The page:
The Plaintiff, Mr Lloyd, intended to pursue an action on behalf of a class of more than 4 million Apple iPhone users against Google LLC under the UK “representative action” procedure. A unique feature of the case was that Mr Lloyd intended to pursue a uniform amount of compensation on behalf of each individual regardless of whether or not they had authorised him to do so, or even were aware of the breaches of their data protection rights.
Before the action could get off the ground, Mr Lloyd needed permission from the domestic court to serve the proceedings on Google LLC in the United States. The High Court refused such permission, and Mr Lloyd appealed the High Court’s decision to the Court of Appeal.
One of the Court of Appeal’s key findings was that compensation is in principle capable of being awarded for loss of control of data, even if there is no financial loss and no distress. The Court ultimately granted permission to Mr Lloyd to serve the proceedings on Google LLC in the United States, with the consequence that the claim could progress to the next stages.
A key distinguishing feature between the facts in the Lloyd v Google LLC case and the Irish experience is the availability of the “representative action” procedure in the UK. While there is a type of representative action procedure in Ireland, it is very limited and infrequently used. However, a kind of hybrid procedure is now available under the GDPR which could be considered as paving the way to “class action” type claims for breach of data protection rights in this jurisdiction.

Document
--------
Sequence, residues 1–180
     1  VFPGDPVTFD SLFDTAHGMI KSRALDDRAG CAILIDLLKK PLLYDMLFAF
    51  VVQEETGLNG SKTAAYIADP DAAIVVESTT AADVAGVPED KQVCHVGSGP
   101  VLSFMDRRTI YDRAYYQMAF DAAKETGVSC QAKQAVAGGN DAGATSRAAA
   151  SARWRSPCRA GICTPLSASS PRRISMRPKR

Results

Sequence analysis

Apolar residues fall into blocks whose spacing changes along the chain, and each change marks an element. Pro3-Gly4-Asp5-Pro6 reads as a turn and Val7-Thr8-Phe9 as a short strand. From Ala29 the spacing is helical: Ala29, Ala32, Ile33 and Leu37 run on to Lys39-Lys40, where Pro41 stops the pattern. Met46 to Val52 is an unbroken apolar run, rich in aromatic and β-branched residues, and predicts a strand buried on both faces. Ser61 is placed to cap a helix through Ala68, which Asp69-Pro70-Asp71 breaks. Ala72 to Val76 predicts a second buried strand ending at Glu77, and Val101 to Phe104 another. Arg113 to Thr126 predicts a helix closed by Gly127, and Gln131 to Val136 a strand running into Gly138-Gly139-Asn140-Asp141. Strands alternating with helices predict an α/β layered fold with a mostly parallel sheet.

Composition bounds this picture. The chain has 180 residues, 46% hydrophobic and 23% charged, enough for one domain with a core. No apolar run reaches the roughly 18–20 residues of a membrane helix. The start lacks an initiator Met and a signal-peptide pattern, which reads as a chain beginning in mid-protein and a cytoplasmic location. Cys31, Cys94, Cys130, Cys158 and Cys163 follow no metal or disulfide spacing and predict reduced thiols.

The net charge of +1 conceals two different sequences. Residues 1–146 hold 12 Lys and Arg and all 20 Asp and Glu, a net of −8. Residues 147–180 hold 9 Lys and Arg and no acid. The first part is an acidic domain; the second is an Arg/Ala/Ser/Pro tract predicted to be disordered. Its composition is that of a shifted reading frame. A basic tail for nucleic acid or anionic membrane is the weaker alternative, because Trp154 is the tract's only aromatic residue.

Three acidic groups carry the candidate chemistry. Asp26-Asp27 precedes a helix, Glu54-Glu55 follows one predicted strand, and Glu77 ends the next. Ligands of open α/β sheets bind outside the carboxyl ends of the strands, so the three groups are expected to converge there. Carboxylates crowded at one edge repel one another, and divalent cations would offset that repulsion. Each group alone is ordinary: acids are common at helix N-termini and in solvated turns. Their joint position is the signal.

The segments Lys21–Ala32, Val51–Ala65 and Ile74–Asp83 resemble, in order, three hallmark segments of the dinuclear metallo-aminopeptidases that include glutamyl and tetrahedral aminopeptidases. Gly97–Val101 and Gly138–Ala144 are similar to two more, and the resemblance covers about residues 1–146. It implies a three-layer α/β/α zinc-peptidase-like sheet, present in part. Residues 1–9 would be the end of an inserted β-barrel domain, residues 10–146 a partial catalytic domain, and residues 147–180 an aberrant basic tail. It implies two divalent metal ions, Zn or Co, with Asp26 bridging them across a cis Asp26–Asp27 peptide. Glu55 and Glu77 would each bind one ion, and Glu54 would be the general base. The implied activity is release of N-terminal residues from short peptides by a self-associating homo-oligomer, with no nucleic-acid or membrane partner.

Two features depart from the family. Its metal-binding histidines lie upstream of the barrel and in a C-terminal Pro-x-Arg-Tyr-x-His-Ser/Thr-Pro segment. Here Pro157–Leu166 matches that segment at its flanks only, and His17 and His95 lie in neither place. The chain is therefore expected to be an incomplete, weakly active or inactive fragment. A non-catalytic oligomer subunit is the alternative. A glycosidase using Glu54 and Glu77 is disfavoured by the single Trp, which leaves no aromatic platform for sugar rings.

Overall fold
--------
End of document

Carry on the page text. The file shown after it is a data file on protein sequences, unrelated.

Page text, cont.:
Representation of data subjects
Under Article 80 of the GDPR, an individual or group of individuals can authorise a not-for-profit body, organisation or association that is committed to the protection of personal data to bring an action on their behalf for breach of their data protection rights. Member States were given discretion regarding the implementation of some aspects of the representative procedure into national law. A key feature of the Irish legislation is that each individual must authorise the representative body to take a claim on their behalf. Therefore, it would not be possible for a representative body to take action on behalf of individuals who do not wish to take a claim, or who may not even be aware of the breach (in contrast to the position in Lloyd v Google LLC).
In November 2019, the civil liberties group Digital Rights Ireland submitted a complaint to the Data Protection Commission on behalf of a large number of individuals following the Data Protection Commission’s investigation into alleged widespread breaches of data protection rights by the Irish Government in the operation of the Public Services Card (“PSC”). Digital Rights Ireland has announced its plan to add further individuals to the complaint over the coming months.
At this stage, the PSC complaint is proceeding as a complaint to the Data Protection Commission. In light of the mechanism that is available under Article 80 of the GDPR, there is also scope for representative claims before the Irish courts arising from the PSC controversy and we expect to see considerable activity in this space over the coming year.
Conclusion on GDPR Breach
The entitlement to claim compensation for non-material damage and the availability of the representative action procedure mark significant developments under the GDPR. Given that data subjects are generally more aware of their rights now than they were in the past, it is likely that compensation claims before the Irish courts for breach of data protection rights will become more common in the years ahead. Organisations should keep these developments in mind when implementing their policies and procedures to manage data protection risks into the future.
If you have been affected by a breach of GDPR legislation contact us now for a free assessment of your claim.